Foote is the foundation as Kubasaki works to rebuild
Junior Erin Foote has seen a lot of success in her high school soccer career.
Two Far East Girls Class AA Tournament team titles … two All-Far East selections … MVP of the 2002 tournament … a region-high 73 goals in two-plus years in a Kubasaki uniform.
But the glory hasn’t been there this season and prospects of another championship are dim after some of the Dragons’ key players either graduated or transferred.
“This is a much different team,” said Foote, a captain this season.
There is a small core of veterans trying to blend with a group of youngsters, including talented freshmen Kimi Cece and Sarah Rhodes in the middle.
Still, two early season shutout losses against Kadena indicate a rebuilding campaign — a rarity for the three-time Class AA finalist Dragons.
“It’s like my sophomore year all over again,” senior goalkeeper Debra Kinzley said, recalling how Kubasaki struggled to rebuild in 2002, going 0-2-1 in the regular season against Kadena, only to rise up to win the Class AA title.
“Every year is different depending on the personnel you have,” said coach Terry Chumley, in her eighth season as either Kubasaki’s head or assistant coach. “You plug along, do your best, don’t worry about the short term and look beyond.”
She’s bore the brunt of the rebuilding and retooling effort, with Foote, the most visible of Kubasaki’s veterans.
“I’ve always felt that burden, but not quite to this extent,” Foote said, adding, however, that the added responsibility is fueling even greater efforts on her part.
“It inspires me to work harder,” Foote said. “People are depending on me, they look to me. ‘If Erin’s OK, we’re OK.’ I’m learning to roll with the punches.”
“She is focused, wants for her team to improve during the season, as we all do,” Chumley said. “She has a never-give-up type spirit, and she’ll work to improve at every opportunity there is available.”
But making the team competitive in this year’s Class AA tournament, less than four weeks away at Camp Zama, Japan, might be too tall an order.
“We’re still kind of new to each other,” Kinzley said.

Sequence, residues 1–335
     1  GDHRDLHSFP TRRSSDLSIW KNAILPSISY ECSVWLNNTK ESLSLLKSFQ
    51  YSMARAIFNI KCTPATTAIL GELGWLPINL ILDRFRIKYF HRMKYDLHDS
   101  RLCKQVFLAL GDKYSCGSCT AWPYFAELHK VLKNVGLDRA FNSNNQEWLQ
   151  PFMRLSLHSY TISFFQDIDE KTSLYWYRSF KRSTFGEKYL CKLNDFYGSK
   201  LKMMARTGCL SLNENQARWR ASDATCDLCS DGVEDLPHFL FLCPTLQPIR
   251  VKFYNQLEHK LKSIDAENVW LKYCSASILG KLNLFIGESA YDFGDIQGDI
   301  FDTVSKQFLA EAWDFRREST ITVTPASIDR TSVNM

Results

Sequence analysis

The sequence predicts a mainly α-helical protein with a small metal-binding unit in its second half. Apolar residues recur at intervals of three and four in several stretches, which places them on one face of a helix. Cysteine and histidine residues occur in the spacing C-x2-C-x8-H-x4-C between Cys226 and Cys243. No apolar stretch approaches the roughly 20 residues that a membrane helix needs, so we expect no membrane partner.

She and the other veterans have stressed to the youngsters the need to communicate and understand what they’re up against.
“They need to realize that high school soccer is different from youth ball. You need to take things more seriously,” Kinzley said.
Trying different lineup combinations, seeing where the strengths and weakness of the new players lie, and how best to make it function with the strengths of the veterans and hoping it all comes together soon, is what Chumley hopes for.
“We have to learn how to mesh as a team. We’ve only played four games [and] we haven’t reached the point where we’ll be successful yet, but we intend to be within the next four weeks,” Chumley said.
Aside from developing chemistry, other obstacles loom. There’s the top two teams in Japan, Nile C. Kinnick (5-0-1) and Robert D. Edgren (7-0-1), along with a Kadena team that has run the table in its first 12 matches.
While keeping the run of Class AA titles alive would be nice, “building a team is likewise awesome,” Chumley said. “Just because we’ve won, that doesn’t guarantee that we’re going to win every year.”
Though Kadena has held sway in the first two of their three regular-season meetings, with a final meeting scheduled for April 16 at Kubasaki, coach Hoa Nguyen says he takes nothing for granted where Kubasaki is concerned.
“Give them time, another month,” he said. “I think Terry can get them going again. I still think they’re a big threat. They are still a force to be reckoned with.”
Remembering Foote’s role in the 2002 Class AA final, Nguyen says Foote’s leadership will serve as a key element on the Dragons’ route to regaining that championship edge.
“She’s a role model,” Nguyen said. “They all look up to her and say, ‘Hey, this girl has been there, won the two championships, scored the 70-plus goals, she’s the most experienced player.’ She has everything that anybody can look for, going to a practice or a game, she has it.”
Returning to a competitive level “comes with time,” Foote said, noting the gradual rise of Kadena to title-contending status the past couple of years.
“Maybe this is their time,” Foote said. “Or maybe by Far East, it will turn around; we were 0-2-1 against Kadena two years ago but won the title. I’d be happier if it were us again, but as long as it [title] stays on Okinawa, I’ll be happy.”
Despite the hurdles, Chumley remains optimistic.
“They’ll become better players together and become a better team over time,” she said. “It’s time to refocus and redetermine and see what the future holds.”